Nearly four in 10 (38%) Americans who make less than $25,000 per year report being “not financially savvy,” compared to the 15% of Americans making between $50,000-$99,000 in annual salary who report the same, indicating a direct correlation between income and perceived savviness.

And yet, it’s Americans who are making less than $25,000 annually who report spending more and saving less in the past year (18%). This makes sense, as Americans with greater incomes may have had the luxury of pulling back on discretionary expenses, while those with lower incomes may have needed to continue spending the same portion of their earnings on essentials.

Despite the disparities in perceived financial savviness and financial confidence, Americans across the board report that the No. 1 thing that made them feel financially resilient during the pandemic was financial information (48%). This access to financial information has empowered Americans over the past year, with about half reporting that they have become more financially aware due to challenges faced in 2021.

To protect from financial faux pas, most Americans report that they identify and prioritize needs vs. wants (29%) and determine a monthly budget to revisit on a weekly basis (24%). Access to financial information is crucial to making these spending/budgeting determinations.

The survey was conducted online by Schmidt Market Research and polled 1,081 Americans ages 18-70 with sole or shared responsibility for household financial decisions and that own a checking or savings account. Responses were collected between September 30-October 2, 2021.

••• travel research

Fun for the whole family

Study explores shifts in vacation planning

Are you in need of a vacation? According to research from Vrbo, U.S. families are looking forward to vacationing in 2022 and will book early, stay longer and let kids call the shots.

Vrbo’s report found that families are shifting their attention to new destinations, with rental demand more than doubling in Cincinnati; Yorktown, Va.; Niagara Falls, N.Y.; Harrisburg, Pa.; and Matanuska-Susitna, Alaska.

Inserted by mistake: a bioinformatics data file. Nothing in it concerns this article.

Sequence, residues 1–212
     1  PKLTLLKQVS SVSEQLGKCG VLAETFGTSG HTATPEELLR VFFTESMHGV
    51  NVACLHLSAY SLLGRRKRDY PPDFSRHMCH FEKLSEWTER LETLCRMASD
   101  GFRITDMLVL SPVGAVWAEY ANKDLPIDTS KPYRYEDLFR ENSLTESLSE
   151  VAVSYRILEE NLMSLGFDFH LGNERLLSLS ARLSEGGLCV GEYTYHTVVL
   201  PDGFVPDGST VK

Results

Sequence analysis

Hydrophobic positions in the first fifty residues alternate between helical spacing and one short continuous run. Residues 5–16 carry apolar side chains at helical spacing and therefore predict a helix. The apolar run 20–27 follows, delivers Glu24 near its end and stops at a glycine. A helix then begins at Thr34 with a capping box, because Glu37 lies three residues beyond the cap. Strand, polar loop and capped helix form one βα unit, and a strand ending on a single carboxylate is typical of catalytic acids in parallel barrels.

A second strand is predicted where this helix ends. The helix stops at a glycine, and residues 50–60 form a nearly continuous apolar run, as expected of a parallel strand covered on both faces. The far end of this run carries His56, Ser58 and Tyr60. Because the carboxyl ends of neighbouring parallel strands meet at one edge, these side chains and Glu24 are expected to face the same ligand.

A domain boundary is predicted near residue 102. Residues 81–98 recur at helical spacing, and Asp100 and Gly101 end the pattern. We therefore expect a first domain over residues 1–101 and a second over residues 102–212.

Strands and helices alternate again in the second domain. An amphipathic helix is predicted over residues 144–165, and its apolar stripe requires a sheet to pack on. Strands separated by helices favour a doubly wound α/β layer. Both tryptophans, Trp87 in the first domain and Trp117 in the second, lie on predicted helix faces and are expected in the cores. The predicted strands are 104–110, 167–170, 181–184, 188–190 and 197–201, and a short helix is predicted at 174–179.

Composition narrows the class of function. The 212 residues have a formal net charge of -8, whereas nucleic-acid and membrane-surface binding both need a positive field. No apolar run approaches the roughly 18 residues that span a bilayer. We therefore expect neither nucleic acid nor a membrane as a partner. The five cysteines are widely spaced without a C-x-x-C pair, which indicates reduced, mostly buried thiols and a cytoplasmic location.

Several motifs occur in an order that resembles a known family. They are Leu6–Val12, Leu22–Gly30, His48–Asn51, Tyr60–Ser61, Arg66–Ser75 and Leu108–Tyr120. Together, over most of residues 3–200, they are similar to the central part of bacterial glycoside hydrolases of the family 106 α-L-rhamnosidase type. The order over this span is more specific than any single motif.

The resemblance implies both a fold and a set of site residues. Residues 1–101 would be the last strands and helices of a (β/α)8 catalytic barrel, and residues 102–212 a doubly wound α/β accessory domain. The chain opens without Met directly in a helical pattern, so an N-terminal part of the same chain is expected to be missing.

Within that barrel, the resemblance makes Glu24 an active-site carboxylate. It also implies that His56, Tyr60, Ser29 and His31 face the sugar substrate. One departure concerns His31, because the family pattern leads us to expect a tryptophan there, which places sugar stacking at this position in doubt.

After an irregular 18 months leading to when the survey was conducted in September 2021, parents reported being more likely to reward their kids with extra-special vacations and give them a bigger say in vacation planning. Half of the families said they’re more likely to let their kids decide where they vacation, compared to pre-pandemic times, and one in three are more likely to let their kids invite a friend. Additionally, 43% of parents are more likely to let their kids skip school for vacation. One place where parents still rule: 61% of those surveyed said they are more likely to require their children to disconnect from their devices on vacation.

With the huge uptick in pet ownership over the course of the pandemic, more families are opting to bring their furred companions along on vacation. Vrbo experienced a 40% increase in year-over-year demand for pet-friendly vacation homes. More than 70% of this year’s survey respondents were pet owners, 68% of whom have traveled, plan to travel or would like to travel with their pets. The top reason for traveling with pets is because families don’t like leaving them, followed by wanting the whole family to be together.

In 2021, booking activity on Vrbo occurred on average two to three months earlier than usual for several major travel seasons, like summer and the holidays. Sixty percent of respondents said they plan to book future vacations earlier than they did in pre-pandemic times.

As people started returning to the office and employers introduced partial or even permanent work-from-home policies, families changed their outlook on vacation time, flexibility and work-life balance. Seventy-seven percent of families agreed that they have a greater appreciation for separating their professional and personal lives, compared to pre-pandemic times. Further, 59% of respondents said they are more likely to take a two-week vacation and 30% were more likely to take a sabbatical, while 42% were less likely to check work e-mail on vacation.

The study used Vrbo travel demand data in the U.S. for the 12-month period ending August 31, 2021. Vrbo conducted a survey of 1,000 U.S. families during September 2021.

••• small business research

Making it work

Black-owned businesses find growth despite pandemic

From February 2020 through August 2021, Black-owned businesses increased by almost 40% despite the slight drop in white- and Asian-owned businesses – but according to a MerchantMaverick report, some states are fostering more Black entrepreneurship than others. 

While on the rise, Black-owned businesses still face hurdles to grow representatively; only 2.3% of the employer businesses in the U.S. are Black-owned despite African Americans making up over 14% of the population.

The mid-Atlantic pocket of Virginia, Maryland and Delaware is particularly fruitful for Black entrepreneurs, as the trio ranked first, second and fifth, respectively, in MerchantMaverick’s list of the top 10 states for Black entrepreneurs in 2022. The region’s success can be attributed to its sizable Black population, as well as local government and private initiatives built to foster Black-owned businesses.

Southern states generally dominate the ranking. In fact, just one top 10 state (Ohio) is firmly located in the northern half of the contiguous 48 states. The southern dominance extends past the pinnacle as the three highest-ranked states outside the top 10 (Mississippi, Tennessee and Arkansas) are all located soundly in the South. In order, the top 10 states for Black entrepreneurs in 2022 are: Virginia, Maryland, Texas, Nevada, Delaware, North Carolina, Ohio, New Mexico, Georgia and Alabama